Earlier in the year, I was offered the chance to place a bet on losing weight from William Hill bookmakers.
I would aim to lose 2lbs a week for 52 weeks, so 104lbs in total which is a shade under 7 and a half stone.
It would be a sensible, calorie controlled diet with sensible exercise and nothing more - slow and steady wins the race and all that.
One of the pre-conditions of this wager is that i obtain a letter from a "medical professional" (GP in other words) that states that I am suitable for a diet and that losing 7 and a half stone in a year won't cause me any medical issues and can be done without resorting to surgery.
Now bear in mind that William Hill get *hundreds* of these bets every year. They've also had an actual practising GP do the bet (and she won as well), so it's not like it's anything unusual.
Every single medical professional I've asked this year has turned me down flat. Every one.
And what makes it even more frustrating is that, recently, I was told that I was a suitable candidate for bariatric surgery and that it would be a good idea if I went through with it and I just couldn't believe it.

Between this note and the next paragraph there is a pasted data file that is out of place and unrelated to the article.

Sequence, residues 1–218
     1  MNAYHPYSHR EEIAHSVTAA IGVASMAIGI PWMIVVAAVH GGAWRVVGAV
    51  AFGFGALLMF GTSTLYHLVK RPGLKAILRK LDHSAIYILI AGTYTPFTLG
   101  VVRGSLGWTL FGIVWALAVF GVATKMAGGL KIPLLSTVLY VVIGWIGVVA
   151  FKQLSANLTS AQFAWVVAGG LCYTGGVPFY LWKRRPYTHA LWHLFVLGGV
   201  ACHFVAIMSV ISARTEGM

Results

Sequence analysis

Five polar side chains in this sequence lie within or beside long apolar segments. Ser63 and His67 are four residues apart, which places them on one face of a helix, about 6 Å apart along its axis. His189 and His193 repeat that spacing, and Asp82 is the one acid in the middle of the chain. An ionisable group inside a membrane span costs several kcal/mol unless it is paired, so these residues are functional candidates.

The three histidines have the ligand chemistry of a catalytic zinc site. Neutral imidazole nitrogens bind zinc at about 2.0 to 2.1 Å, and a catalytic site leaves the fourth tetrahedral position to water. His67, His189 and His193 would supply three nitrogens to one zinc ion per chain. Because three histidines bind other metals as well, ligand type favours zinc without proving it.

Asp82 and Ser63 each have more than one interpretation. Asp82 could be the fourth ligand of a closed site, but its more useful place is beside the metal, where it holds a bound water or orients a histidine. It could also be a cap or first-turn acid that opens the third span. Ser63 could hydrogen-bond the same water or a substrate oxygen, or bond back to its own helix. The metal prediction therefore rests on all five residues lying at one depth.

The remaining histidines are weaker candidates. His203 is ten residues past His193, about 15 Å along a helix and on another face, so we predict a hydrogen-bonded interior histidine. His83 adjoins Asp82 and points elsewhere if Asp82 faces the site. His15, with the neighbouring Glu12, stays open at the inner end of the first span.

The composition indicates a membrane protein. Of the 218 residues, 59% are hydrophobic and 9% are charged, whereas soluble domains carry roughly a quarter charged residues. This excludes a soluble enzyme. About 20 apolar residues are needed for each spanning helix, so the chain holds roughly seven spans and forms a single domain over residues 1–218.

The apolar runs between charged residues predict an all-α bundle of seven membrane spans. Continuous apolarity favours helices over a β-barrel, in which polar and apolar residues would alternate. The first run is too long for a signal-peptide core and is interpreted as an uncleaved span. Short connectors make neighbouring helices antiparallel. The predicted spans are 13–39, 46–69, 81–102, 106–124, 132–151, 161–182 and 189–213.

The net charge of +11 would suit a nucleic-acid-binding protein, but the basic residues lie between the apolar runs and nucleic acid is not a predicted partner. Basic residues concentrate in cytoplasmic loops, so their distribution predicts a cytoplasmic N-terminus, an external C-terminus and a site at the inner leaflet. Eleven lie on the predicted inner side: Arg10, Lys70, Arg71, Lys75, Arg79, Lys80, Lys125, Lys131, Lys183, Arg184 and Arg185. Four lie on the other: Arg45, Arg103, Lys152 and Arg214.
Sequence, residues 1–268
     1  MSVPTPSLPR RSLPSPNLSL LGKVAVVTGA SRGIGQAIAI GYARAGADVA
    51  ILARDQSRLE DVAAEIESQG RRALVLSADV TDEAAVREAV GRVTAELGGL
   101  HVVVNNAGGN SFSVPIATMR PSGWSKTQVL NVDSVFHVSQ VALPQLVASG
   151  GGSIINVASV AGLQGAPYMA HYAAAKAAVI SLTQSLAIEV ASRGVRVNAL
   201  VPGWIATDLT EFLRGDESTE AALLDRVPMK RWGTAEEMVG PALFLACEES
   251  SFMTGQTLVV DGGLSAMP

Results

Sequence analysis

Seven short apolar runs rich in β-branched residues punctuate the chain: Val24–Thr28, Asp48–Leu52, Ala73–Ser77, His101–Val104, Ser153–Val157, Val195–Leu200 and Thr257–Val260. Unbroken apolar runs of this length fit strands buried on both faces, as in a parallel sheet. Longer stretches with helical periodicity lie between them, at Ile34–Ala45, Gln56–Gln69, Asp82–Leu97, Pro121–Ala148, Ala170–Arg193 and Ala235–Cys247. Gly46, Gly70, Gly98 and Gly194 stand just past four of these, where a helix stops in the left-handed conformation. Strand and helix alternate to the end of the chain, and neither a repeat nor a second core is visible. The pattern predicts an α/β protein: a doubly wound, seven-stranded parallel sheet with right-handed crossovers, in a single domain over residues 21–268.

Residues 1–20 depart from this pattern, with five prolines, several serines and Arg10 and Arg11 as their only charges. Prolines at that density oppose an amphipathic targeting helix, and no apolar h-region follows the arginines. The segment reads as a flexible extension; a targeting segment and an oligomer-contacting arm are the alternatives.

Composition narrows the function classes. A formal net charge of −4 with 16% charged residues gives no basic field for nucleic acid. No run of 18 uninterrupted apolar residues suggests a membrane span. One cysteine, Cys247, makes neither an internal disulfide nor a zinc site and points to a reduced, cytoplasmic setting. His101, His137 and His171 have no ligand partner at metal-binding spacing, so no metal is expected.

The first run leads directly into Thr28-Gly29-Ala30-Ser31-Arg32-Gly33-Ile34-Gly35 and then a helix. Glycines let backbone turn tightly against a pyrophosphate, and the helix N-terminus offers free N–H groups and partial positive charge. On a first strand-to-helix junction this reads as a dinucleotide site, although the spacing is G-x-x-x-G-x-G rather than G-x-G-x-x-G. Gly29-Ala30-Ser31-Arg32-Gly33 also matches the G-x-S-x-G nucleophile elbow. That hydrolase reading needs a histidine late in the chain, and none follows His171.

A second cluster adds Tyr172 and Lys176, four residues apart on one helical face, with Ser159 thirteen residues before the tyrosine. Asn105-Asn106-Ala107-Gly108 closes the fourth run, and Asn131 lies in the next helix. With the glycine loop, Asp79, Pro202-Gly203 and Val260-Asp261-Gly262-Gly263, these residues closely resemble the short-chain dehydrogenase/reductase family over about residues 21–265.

The NHS are seemingly quite willing to spend £8-£10k on an operation, and all of the risks that might entail, and yet *nobody* is willing to write me a simple letter that will achieve the same results for free.
Now the obvious, and most frequent, question is "Why don't you do it for your health?". In a perfect world, this would clearly be the way to go but I have, unfortunately, always struggled with motivation to diet. If I could wake up tomorrow and just flip that switch then I would, but, sadly, it doesn't work like that for me.
This bet *will* work though. For me, as I am, it's the *perfect* motivation. So why is nobody interested in helping ?
Why is the NHS trying to force me to do it *their* way ?